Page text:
Susan is a 36-year-old mother of seven children. Born in a rural village in Kyanwanzi district, Susan was the only girl in the family with two brothers. Her mother was very traditional and favored her sons over Susan. As a result, Susan dropped out of school and was relegated to house chores and taking care of her brothers.
“…at 14 years, I got pregnant and had a baby. My mother didn’t want anything to do with me. Life was very hard and I couldn’t raise this child by myself. Therefore, I got married to a man to support me and my child.” Susan shared. “By the age of 20 years, I had had three more children.”
“Living with this man was not easy; he was very abusive. I decided to move out and live on my own with my children. However, this man often came to my house and beat me. I needed help… I thought I would get it from another man. This other man proposed to marry me and we moved away from that area.”
Susan had three more children with this man. She later found out that the man was already married and had seven other children. Devasted, Susan moved in with her older daughter and grandson.
In 2015, during a visit to the health facility, Susan decided to take an HIV test. “They said I had HIV” she shares with tears in her eyes. “Am I going to die? Who is going to take care of my children?... These are the questions that ran through my mind.” She adds.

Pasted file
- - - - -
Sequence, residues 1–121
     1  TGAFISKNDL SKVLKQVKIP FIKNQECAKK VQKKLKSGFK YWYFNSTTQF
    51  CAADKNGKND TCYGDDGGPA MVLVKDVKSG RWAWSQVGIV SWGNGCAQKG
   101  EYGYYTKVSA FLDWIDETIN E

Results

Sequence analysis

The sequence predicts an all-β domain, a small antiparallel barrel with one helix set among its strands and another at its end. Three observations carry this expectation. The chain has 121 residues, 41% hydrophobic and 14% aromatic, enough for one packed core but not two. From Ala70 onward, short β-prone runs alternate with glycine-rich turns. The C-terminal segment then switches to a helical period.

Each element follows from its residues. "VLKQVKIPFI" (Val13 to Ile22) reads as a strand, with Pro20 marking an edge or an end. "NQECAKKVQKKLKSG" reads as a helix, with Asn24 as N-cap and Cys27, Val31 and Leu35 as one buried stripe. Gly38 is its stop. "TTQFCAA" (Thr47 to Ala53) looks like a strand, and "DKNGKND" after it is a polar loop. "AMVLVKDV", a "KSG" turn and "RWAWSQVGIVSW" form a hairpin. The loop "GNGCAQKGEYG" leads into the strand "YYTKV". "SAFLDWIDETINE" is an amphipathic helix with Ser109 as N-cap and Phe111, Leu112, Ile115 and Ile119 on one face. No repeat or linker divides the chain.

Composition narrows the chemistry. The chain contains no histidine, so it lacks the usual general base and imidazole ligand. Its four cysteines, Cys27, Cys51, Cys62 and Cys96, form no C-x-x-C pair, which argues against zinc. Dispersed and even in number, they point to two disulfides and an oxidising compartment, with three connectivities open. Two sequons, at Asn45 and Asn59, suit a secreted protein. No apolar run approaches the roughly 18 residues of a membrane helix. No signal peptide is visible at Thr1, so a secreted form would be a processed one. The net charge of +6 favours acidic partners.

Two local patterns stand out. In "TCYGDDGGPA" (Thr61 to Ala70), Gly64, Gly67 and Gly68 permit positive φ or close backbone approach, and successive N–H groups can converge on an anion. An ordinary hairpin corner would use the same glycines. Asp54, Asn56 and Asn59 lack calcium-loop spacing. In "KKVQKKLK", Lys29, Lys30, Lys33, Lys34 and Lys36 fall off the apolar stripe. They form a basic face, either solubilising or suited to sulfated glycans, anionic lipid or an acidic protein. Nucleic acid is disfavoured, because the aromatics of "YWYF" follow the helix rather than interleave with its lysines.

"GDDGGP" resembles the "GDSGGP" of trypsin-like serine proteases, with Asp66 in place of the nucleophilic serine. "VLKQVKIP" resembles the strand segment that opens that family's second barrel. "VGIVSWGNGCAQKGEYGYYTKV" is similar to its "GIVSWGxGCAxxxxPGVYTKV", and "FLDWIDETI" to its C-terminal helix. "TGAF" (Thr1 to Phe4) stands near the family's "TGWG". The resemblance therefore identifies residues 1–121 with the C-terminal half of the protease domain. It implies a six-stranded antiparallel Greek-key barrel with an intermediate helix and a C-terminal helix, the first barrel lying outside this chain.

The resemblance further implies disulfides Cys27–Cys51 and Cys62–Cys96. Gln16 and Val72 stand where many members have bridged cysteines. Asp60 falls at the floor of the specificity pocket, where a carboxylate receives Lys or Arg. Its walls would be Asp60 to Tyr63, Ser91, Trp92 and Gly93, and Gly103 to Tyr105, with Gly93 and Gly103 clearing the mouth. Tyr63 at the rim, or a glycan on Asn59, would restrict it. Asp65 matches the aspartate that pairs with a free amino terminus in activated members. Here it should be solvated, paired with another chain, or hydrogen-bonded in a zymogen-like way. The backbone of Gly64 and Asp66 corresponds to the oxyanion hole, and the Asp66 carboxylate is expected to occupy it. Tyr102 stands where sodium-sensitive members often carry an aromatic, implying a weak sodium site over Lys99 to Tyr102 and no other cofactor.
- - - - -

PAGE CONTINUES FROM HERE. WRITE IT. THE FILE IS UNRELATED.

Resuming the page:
There was a health education session on family planning at the facility and in that moment with the bad news she had just received, Susan decided to go for the five-year implant to prevent any more pregnancies.
Later, and well into her ARVs medication, Susan realized she was pregnant, again...
“I couldn’t have another baby.” Susan says. “How did this happen?” she pondered. “I had to find a way to have an abortion” which she did. She later had an Intra-Uterine Contraceptive Device (IUCD) inserted but had serious side effects and other complications including heavy bleeding and dizziness.
It’s at this time that Hanis - the InPACT community mobiliser visited Susan at her home. Hanis counseled her and they discussed several health- related matters including the full range of FP methods available to her to prevent more pregnancies, and their possible side effects.
After the counselling session with Hanis, Susan requested for a referral to the Health Center IV “…with these seven children and a grandson, I need to [permanently] stop having children.” She pondered.
Susan was referred and had the IUCD removed in preference of the Bilateral Tubal Ligation (BTL). Since she got the BTL, she is now a happy and more productive woman and member of her community.
Innovation Program for Community Transformation (InPACT) in partnership with Pathfinder International under the USAID funded Uganda Family Planning Activity (UFPA) Project are reaching several vulnerable girls and women like Susan in the districts of Kyankwanzi and Kibaale with the much-needed family planning information and services.